The dreaded third quarter
Posted by disappointmentzone on 31 December 2006
The second game of a back-to-back in another time zone equals another loss. LeBron James went unconcsious for about two minutes in the third quarter and things looked rosey, but it was all downhill from there. The game got disgusting quickly, forcing me to flip back to the VT-UGA game, which means that I might be wrong about this, but I think the Bulls went on a 32-9 run. Or maybe it was 32-12. Either way, the Cavs got rocked out of Chicago in the third quarter. Even the last push in the fourth quarter never really looked too threatening. The Cavs cut the lead to four points, but the outcome was never in doubt. When playing back-to-back games the Cavs don’t win.
When in the third quarter the Cavs began to fall to pieces I was struck by a strong feeling of deja vu: didn’t we just see this the previous game, and the previous game, and the previous game? So I decided to quickly crunch some numbers. Instinct and impression can often lead to conclusions that are wildly unfounded. Not so with the Cavs and the third quarter.
Here is a chart of the Cavs’ scoring by quarter. The first row of numbers contain the averages for all games. The next row for the second game of back-to-backs (less than one day’s rest) and the final row is for games following at least one day’s rest (technically that should be a greater than or equal to sign; whatever). The results are telling.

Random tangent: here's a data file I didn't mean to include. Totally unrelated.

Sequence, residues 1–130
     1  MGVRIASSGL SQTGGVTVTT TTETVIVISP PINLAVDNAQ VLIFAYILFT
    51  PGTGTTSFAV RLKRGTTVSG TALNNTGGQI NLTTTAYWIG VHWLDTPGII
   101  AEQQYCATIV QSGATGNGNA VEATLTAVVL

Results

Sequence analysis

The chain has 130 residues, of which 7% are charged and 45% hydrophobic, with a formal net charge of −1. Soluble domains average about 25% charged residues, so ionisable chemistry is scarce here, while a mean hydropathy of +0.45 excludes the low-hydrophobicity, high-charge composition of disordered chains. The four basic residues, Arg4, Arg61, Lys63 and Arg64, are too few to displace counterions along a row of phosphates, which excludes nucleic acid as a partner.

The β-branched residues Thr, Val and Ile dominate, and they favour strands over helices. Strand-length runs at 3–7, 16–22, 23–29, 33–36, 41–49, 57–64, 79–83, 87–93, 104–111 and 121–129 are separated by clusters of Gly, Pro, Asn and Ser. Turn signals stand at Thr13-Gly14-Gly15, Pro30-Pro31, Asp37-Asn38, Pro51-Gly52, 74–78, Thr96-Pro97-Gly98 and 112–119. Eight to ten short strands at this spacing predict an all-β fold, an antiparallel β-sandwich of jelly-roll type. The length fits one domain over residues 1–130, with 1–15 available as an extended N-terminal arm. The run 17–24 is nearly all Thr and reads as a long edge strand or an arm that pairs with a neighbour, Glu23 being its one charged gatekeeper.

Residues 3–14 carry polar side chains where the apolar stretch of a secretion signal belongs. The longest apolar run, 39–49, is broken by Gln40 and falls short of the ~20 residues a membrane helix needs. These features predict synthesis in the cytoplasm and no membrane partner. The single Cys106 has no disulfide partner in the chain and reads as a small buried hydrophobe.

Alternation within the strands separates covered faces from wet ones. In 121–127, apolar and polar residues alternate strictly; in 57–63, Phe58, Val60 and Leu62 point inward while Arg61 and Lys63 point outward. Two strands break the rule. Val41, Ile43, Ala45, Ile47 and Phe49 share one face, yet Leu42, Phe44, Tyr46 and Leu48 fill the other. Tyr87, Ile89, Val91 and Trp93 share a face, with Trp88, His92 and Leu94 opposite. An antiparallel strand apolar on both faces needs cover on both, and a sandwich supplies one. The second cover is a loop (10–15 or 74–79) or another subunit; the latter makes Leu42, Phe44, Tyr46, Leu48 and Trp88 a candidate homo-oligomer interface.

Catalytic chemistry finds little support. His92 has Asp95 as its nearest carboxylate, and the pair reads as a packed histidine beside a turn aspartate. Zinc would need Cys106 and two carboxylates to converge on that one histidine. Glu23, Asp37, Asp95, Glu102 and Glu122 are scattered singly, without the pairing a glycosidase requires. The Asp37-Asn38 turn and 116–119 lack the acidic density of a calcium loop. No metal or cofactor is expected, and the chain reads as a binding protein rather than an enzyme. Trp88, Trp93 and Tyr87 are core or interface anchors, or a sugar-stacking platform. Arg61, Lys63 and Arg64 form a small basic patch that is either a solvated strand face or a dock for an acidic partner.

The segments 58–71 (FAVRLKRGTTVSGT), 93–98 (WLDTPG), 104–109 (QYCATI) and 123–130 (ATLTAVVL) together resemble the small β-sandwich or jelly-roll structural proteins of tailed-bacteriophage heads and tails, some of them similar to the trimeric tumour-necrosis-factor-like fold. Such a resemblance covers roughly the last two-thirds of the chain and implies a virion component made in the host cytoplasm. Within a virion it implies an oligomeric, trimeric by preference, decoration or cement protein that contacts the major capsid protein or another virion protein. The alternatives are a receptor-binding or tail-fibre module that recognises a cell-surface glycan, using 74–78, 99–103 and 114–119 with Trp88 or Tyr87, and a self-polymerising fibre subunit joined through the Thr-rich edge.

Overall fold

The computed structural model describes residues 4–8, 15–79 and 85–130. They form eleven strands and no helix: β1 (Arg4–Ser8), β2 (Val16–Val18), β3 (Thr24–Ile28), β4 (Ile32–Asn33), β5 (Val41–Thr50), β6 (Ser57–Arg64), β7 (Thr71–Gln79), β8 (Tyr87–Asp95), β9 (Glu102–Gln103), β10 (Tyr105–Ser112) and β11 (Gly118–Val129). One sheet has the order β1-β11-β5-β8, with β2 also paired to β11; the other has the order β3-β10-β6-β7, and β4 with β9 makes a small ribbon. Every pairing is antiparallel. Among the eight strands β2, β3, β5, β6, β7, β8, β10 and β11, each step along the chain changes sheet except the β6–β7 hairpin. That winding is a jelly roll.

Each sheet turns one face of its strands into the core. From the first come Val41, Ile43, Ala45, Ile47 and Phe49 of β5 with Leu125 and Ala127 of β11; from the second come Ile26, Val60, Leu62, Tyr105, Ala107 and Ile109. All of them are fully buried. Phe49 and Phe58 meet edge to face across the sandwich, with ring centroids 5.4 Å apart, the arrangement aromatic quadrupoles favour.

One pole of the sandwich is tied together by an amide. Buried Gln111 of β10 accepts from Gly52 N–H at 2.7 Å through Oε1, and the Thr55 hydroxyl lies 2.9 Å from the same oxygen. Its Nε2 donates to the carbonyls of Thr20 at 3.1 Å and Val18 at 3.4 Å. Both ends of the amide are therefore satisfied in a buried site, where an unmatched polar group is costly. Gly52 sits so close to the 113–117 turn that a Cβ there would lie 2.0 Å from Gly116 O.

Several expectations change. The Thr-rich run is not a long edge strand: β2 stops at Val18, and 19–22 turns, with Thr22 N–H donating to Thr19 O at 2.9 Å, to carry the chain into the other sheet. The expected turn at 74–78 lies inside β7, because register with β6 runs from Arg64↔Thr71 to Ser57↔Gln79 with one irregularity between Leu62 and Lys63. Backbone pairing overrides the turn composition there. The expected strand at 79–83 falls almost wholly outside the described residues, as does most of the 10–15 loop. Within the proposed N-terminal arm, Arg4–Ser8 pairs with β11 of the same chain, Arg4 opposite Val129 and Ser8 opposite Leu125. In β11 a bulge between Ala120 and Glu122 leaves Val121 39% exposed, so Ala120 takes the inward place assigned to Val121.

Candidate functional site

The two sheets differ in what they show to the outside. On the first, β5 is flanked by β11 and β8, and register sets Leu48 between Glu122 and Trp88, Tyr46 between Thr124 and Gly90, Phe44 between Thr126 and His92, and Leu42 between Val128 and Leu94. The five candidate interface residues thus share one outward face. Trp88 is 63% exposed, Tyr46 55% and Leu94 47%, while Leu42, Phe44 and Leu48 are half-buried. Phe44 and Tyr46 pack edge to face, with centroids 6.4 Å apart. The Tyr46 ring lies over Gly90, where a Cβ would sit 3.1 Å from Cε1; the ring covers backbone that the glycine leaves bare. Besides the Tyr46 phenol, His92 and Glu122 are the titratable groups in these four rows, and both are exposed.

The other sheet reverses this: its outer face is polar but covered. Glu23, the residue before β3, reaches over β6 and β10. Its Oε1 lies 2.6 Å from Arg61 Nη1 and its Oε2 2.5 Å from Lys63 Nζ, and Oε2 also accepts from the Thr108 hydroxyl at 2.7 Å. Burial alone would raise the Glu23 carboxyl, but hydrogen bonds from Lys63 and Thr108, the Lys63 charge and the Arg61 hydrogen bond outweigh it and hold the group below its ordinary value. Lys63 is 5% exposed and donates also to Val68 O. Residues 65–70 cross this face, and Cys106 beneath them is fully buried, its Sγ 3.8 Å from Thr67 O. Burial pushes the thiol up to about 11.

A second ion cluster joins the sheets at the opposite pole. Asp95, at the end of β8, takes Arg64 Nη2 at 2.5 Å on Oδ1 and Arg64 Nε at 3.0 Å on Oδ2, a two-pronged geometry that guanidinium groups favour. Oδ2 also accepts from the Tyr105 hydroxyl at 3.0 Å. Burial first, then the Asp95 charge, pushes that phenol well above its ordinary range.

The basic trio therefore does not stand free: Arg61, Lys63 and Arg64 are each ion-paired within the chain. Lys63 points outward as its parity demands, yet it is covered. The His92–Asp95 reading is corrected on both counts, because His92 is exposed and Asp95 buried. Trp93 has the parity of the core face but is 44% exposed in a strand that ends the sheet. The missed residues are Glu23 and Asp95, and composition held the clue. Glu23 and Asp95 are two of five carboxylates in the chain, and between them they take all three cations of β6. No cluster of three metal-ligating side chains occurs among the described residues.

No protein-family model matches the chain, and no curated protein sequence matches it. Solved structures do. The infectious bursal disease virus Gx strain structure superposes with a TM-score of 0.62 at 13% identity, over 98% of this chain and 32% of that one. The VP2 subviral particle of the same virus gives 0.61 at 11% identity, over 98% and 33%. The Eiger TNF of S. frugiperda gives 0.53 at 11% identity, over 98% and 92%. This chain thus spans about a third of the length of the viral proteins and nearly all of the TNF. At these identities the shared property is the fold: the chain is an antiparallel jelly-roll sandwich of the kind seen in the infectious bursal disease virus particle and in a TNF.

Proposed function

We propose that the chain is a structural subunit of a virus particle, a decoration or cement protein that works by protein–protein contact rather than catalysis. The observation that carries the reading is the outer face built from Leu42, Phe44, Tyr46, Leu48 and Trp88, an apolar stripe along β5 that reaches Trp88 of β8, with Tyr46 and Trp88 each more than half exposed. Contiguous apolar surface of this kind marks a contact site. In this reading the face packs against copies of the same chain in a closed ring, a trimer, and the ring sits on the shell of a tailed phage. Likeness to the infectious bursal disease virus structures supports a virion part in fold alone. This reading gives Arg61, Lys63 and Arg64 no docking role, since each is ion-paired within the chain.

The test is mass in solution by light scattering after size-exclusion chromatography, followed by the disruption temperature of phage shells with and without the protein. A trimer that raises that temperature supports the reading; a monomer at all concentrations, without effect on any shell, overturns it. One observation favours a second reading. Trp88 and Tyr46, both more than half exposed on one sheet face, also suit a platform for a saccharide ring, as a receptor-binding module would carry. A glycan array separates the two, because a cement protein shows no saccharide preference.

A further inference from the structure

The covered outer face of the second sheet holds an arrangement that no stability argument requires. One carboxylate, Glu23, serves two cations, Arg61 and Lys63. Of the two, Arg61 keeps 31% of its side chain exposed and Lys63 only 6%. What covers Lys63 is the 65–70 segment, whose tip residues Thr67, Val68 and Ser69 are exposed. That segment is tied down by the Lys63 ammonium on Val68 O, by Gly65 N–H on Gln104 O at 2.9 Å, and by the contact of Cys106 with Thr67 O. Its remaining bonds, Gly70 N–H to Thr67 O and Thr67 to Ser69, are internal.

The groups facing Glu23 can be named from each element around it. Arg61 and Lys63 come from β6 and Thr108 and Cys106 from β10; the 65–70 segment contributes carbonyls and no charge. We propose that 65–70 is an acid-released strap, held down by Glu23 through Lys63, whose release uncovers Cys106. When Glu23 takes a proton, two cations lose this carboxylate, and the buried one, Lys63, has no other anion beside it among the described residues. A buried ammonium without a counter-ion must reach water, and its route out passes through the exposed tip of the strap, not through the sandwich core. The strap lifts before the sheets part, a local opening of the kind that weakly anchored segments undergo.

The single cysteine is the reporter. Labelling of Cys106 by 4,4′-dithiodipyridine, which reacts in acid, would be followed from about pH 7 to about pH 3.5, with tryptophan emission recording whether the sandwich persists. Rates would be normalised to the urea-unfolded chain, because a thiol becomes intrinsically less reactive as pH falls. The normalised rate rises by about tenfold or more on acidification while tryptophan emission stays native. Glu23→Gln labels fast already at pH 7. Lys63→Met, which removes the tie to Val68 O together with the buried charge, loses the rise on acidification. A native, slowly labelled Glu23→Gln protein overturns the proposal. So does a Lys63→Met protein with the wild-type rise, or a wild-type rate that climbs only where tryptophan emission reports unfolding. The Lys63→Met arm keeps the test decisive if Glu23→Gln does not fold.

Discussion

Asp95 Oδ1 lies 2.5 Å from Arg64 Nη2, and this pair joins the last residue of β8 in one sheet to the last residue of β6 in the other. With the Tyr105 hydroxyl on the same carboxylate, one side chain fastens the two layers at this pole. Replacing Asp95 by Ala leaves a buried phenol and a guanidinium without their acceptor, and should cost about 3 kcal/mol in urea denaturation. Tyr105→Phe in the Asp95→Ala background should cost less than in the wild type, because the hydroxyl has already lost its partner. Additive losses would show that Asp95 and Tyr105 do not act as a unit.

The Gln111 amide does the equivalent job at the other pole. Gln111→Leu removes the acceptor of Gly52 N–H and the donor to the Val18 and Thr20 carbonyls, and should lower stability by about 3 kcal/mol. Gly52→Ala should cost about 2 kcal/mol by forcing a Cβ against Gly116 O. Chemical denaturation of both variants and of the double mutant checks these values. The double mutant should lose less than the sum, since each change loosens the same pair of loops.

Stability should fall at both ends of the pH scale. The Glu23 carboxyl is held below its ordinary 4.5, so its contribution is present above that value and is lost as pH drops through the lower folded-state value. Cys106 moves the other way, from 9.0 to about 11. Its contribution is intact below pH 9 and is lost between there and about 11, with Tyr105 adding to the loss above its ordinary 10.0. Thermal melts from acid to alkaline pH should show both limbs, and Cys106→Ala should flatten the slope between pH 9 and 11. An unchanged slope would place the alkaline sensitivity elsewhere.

Highlighted in red are the lowest averages. You can see that no matter the cirumstance the Cavs always tend to come out of the locker room at halftime a little sluggish. But whereas in all other games the Cavs usually bounce back in the fourth quarter, in the second game of back-to-backs the Cavs suck it up equally in the third and fourth quarters (18.625 ppq in both). The scoring difference between “no rest” and “rest” is quite dramatic. I don’t know if 15.3 points is a particularly large gap in the NBA, but a 15.3 point decline in scoring average is really tough to overcome for any team.
I wish I had advice for how the team could compensate for the decline in scoring in the third quarter. (Start Gibson instead of Snow in the third quarter?) But no matter the solution at this point I think it’s worth trying something. It’s painfully obvious that Mike Brown doesn’t like to mess with his rotations. But if that rotation is not productive then a change ought to happen. The philosophy that drives coaches and managers to always do the same thing no matter the circumstance drives me nuts (see: everything I’ve written about lineup optimization in baseball). The Cavs won’t win many games with such a huge dip in productivity in the third quarter.
Here are the opponents’ scoring averages by quarter. The rows for days of rest are days of rest for the Cavs, not the other team. This is but one of the many reasons why the numbers for the opponents are not nearly as meaningful as the numbers for the Cavs. Anyway, if you look at the chart you’ll see that while other teams struggle in the third quarter, they don’t struggle nearly as much as the Cavs. The Cavs’ defense remains fairly good throughout the team; there are no wild swings from quarter to quarter. This suggests that the problems are with the offense. But you knew that already.